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Graph: DBPix image storage vs OLE Embedding and Linking in Microsoft Access


    
The Access Image FAQ < Previous ArticleNext Article >

Get the Path to the Database (.mdb) File


    
Sample Newsgroup Questions 
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It is often useful to obtain the path to the database (mdb) file, especially if you follow our tip to Store Images Using Relative Paths.

A common error is to assume that the 'current' path is set to the path of the database file (and therefore that images can be accessed using relative notation, for example). This can't be relied upon - some VBA functions can change the current path (eg "Dir"), and indeed the database can be opened with a different path altogether set as 'current'.

Below are 3 code-snippets you can use to obtain the path to the database (mdb) file in different situations. In each case if the database file is "C:\mydb\mydb.mdb" the functions return "C:\mydb\". These functions all work whether the database is opened via a local drive, mapped drive or a UNC path.

1) Access 2000 and later - Database Not Split.

If you only need to support Access 2000 and later, and do not have a split (front-end/back-end) database, then this is the simplest and most efficient method. If used in a split database architecture this returns the path to the front-end database - usually not what is desired.


Public Function GetDBPath() As String
    GetDBPath = CurrentProject.Path & "\"
End Function



2) Access 97 and later- Database Not Split.

If you need to support Access 97, and do not have a split (front-end/back-end) database, then use this method. If used in a split database architecture this returns the path to the front-end database - usually not what is desired.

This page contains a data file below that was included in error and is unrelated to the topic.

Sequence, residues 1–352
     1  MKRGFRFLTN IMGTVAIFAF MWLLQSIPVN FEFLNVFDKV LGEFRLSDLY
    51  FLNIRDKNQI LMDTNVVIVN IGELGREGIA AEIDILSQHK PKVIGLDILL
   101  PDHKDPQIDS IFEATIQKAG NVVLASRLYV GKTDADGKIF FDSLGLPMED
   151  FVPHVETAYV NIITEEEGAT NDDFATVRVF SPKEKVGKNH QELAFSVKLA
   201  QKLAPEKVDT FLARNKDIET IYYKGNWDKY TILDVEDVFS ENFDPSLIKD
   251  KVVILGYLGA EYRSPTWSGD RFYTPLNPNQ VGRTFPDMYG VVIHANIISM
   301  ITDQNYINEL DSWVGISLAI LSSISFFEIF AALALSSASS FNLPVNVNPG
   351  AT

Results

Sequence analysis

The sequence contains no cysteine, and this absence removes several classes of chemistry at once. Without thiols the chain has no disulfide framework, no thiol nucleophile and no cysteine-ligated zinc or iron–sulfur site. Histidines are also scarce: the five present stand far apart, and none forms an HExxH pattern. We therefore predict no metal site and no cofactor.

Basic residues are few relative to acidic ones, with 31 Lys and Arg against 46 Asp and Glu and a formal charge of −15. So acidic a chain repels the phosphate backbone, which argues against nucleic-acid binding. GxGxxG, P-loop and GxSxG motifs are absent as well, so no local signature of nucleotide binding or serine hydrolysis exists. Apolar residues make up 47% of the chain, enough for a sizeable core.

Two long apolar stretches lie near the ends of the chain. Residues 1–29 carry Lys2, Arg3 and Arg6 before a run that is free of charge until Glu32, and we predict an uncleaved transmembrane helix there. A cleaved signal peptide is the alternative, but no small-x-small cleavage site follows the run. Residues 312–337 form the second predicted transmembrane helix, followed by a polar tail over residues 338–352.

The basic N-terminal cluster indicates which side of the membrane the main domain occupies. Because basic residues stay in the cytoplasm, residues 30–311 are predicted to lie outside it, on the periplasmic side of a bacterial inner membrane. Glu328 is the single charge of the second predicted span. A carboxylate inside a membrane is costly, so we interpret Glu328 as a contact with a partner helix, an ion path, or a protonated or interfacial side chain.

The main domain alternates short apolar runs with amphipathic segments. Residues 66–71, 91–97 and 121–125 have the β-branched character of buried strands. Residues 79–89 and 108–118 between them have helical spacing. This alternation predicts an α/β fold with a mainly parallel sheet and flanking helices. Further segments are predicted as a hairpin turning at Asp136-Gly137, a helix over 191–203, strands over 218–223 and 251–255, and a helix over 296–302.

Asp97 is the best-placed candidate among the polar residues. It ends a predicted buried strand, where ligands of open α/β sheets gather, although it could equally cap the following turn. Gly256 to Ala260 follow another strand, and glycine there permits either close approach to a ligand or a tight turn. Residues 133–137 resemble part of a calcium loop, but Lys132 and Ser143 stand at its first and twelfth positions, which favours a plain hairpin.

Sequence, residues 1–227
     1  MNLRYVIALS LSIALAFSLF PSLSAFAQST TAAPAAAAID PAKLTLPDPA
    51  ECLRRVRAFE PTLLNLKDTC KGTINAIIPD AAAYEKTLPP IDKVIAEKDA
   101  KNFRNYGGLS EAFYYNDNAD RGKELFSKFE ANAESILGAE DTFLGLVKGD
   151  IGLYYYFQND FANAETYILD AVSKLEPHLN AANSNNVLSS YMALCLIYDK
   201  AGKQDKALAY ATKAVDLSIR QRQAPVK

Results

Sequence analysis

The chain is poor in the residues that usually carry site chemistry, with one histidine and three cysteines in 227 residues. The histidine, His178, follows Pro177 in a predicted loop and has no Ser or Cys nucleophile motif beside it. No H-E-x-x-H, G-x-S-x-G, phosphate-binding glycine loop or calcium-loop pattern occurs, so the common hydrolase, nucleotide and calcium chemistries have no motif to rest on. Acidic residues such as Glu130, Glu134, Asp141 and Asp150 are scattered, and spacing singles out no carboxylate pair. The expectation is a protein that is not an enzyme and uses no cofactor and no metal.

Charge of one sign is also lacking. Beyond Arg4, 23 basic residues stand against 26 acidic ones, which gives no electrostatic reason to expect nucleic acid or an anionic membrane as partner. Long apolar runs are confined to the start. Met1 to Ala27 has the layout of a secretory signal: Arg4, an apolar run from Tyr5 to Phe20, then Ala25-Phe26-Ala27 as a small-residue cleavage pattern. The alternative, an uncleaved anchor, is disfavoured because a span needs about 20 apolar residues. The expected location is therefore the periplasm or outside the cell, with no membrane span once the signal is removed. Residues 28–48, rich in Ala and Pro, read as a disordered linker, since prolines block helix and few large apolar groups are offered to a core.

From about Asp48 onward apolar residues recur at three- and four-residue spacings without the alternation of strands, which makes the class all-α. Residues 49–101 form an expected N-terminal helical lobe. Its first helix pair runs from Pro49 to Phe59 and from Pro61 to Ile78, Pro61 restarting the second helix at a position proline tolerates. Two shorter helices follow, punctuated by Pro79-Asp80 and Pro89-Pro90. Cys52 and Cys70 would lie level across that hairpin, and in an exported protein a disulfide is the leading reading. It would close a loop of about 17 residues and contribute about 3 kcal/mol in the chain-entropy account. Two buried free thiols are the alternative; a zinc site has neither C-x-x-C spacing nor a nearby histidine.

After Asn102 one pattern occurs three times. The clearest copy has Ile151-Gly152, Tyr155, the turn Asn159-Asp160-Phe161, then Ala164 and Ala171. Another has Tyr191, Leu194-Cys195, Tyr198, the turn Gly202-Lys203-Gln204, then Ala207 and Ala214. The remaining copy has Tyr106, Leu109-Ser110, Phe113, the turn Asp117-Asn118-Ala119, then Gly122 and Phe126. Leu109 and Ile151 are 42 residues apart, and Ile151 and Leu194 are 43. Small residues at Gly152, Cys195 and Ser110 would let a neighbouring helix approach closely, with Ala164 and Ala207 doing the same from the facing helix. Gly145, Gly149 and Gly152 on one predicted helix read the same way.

Note that other approaches are possible which avoid the loop (and are therefore potentially slightly more efficient), but these either require use of the "Dir" function (which can give rise to recursion problems) or need additional references.


Public Function GetDBPath() As String
    Dim strFullPath As String
    Dim I As Integer

    strFullPath = CurrentDb().Name

    For I = Len(strFullPath) To 1 Step - 1
        If Mid(strFullPath, I, 1) = "\" Then
            GetDBPath = Left(strFullPath, I)
            Exit For
        End If
    Next
End Function



3) Split Front-End/Back-End - Get Path to Back-End.

If your database is a split (Front-End/Back-End) design, these functions return the path to the Back-End. The first version uses 'InStrRev'. InStrRev can give errors similar to reference problems on some systems (and is not available on Access 97), so a second version is provided which does not use InStrRev.

Using 'InStrRev':


Public Function GetDBPath() As String
    Dim strFullPath As String
    strFullPath = Mid(DBEngine.Workspaces(0).Databases(0).TableDefs("tblLinked").Connect, 11)
    GetDBPath = Left(strFullPath, InStrRev(strFullPath, "\"))
End Function



Not using 'InStrRev':


Public Function GetDBPath() As String
    Dim strFullPath As String
    strFullPath = Mid(DBEngine.Workspaces(0).Databases(0).TableDefs("tblLinked").Connect, 11)

    For I = Len(strFullPath) To 1 Step - 1
        If Mid(strFullPath, I, 1) = "\" Then
            GetDBPath = Left(strFullPath, I)
            Exit For
        End If
    Next
End Function




Related Articles

Get the Path to the Database (.mdb) File
Parse the Folder or Filename from a Full Path
Use Relative Paths for Linked Images




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